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The Immune System in Critically Ill Children with Influenza

An interesting article discussed the results of a study looking at the immune system in critically ill children. The article describes a study published in early 2013 in the January issue of Critical Care Medicine. Recent evidence indicates that the suppression of innate immune system function can occur in critically ill patients. In this study patients with innate immune suppression produced reduced amounts of tumor necrosis factor (TNF)-α  when their blood is stimulated with lipopolysaccharide (LPS). The article states “Results indicated that despite high levels of circulating pro-inflammatory cytokines, critically ill children with influenza demonstrated lower TNFα production capacity compared with healthy control subjects. Further, children who died from influenza had markedly lower TNFα production capacity compared with survivors.” Hence this study suggests that the reduction of immune function in these children who are critically ill may make them more prone to death. Hence, this suggest that therapies developed to target the immune system could potentially be an effective treatment for individuals who are critically ill. Investigators from 15 different children medical centers helped conduct this study. Typically the immune function is not measured in patients with influenza. Source: “Study: Monitoring of Immune Function in Critically Ill Children with Influenza Reveals […]

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Systematic Review of Prophylactic Extraction of Third Molars: From Brazil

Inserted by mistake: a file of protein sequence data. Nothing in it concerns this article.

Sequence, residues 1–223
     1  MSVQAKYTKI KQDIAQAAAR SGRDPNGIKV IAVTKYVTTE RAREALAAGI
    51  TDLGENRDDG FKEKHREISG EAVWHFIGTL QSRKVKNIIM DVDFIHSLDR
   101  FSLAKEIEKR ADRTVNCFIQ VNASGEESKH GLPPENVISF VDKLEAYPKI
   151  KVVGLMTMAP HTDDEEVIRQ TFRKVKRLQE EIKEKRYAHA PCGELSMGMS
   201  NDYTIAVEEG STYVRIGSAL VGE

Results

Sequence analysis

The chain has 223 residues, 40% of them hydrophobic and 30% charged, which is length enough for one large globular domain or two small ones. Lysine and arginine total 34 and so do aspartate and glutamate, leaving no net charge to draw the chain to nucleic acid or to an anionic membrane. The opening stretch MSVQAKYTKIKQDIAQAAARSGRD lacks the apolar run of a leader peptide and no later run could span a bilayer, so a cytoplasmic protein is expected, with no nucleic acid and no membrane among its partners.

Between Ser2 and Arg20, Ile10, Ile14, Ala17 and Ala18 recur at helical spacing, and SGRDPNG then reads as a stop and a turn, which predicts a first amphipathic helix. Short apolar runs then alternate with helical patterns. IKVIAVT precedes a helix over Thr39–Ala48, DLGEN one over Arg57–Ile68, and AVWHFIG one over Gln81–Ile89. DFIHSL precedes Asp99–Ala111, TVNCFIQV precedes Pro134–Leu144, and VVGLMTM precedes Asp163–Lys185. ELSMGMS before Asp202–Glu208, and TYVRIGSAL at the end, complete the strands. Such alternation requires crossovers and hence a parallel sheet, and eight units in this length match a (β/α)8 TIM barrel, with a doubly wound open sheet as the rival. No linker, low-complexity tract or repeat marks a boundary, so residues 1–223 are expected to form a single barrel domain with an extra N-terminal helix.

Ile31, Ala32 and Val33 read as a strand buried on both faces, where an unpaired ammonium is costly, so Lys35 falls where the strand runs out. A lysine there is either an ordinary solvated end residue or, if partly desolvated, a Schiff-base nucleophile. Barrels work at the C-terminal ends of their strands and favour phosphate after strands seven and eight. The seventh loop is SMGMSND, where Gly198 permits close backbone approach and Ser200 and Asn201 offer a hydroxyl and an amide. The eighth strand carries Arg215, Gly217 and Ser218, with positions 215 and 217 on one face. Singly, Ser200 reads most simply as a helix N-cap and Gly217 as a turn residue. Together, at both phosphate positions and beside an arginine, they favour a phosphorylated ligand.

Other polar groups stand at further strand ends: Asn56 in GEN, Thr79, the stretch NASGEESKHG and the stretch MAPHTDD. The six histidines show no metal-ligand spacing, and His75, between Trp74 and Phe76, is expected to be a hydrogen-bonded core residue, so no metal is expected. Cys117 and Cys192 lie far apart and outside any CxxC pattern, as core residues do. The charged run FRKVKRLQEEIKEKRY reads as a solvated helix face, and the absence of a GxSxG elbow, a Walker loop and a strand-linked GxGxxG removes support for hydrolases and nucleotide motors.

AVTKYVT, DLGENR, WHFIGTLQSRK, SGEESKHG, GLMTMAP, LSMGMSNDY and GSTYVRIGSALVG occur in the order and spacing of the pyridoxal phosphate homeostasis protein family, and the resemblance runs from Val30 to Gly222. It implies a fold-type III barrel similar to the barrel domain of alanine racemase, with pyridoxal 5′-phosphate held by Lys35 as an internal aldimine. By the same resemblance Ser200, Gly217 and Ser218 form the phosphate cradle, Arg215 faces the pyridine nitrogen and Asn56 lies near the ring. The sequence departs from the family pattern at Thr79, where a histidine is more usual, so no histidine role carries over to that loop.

Many reviews have been conducted in recent years to determine if healthy third molars (known as wisdom teeth) should be prophylacticly extracted as in removed before causing problems. A new study by Moacir Guilherme da Costa and four other researchers titled “Is there justification for prophylactic extraction of third molars? A systematic review,” appears in Braz Oral Res., (São Paulo) 2013 Mar-Apr;27(2):183-8. The article discusses how in the United States roughly 10 million wisdom teeth are extracted from around 5 million individuals each year. The article discuss how several reasons are usually given for extracting wisdom teeth pericoronitis periodontal defects in the distal region of the second molar caries in the third or second molars different types of odontogenic cysts and tumors crowding of the lower incisors indications for orthodontic, prosthetic or restorative purposes The authors state how the majority of dental surgeons feel when there is clinical, radiological or laboratorial evidence of acute or chronic periodontitis, caries, pericoronitis, harmful effects on second molars or disease the removal of third molars is justified. The authors mentioned how several controversies arise surrounding removing healthy asymptomatic wisdom teeth including inadequate study designs small sample size insufficient monitoring time methodological flaws Hence the […]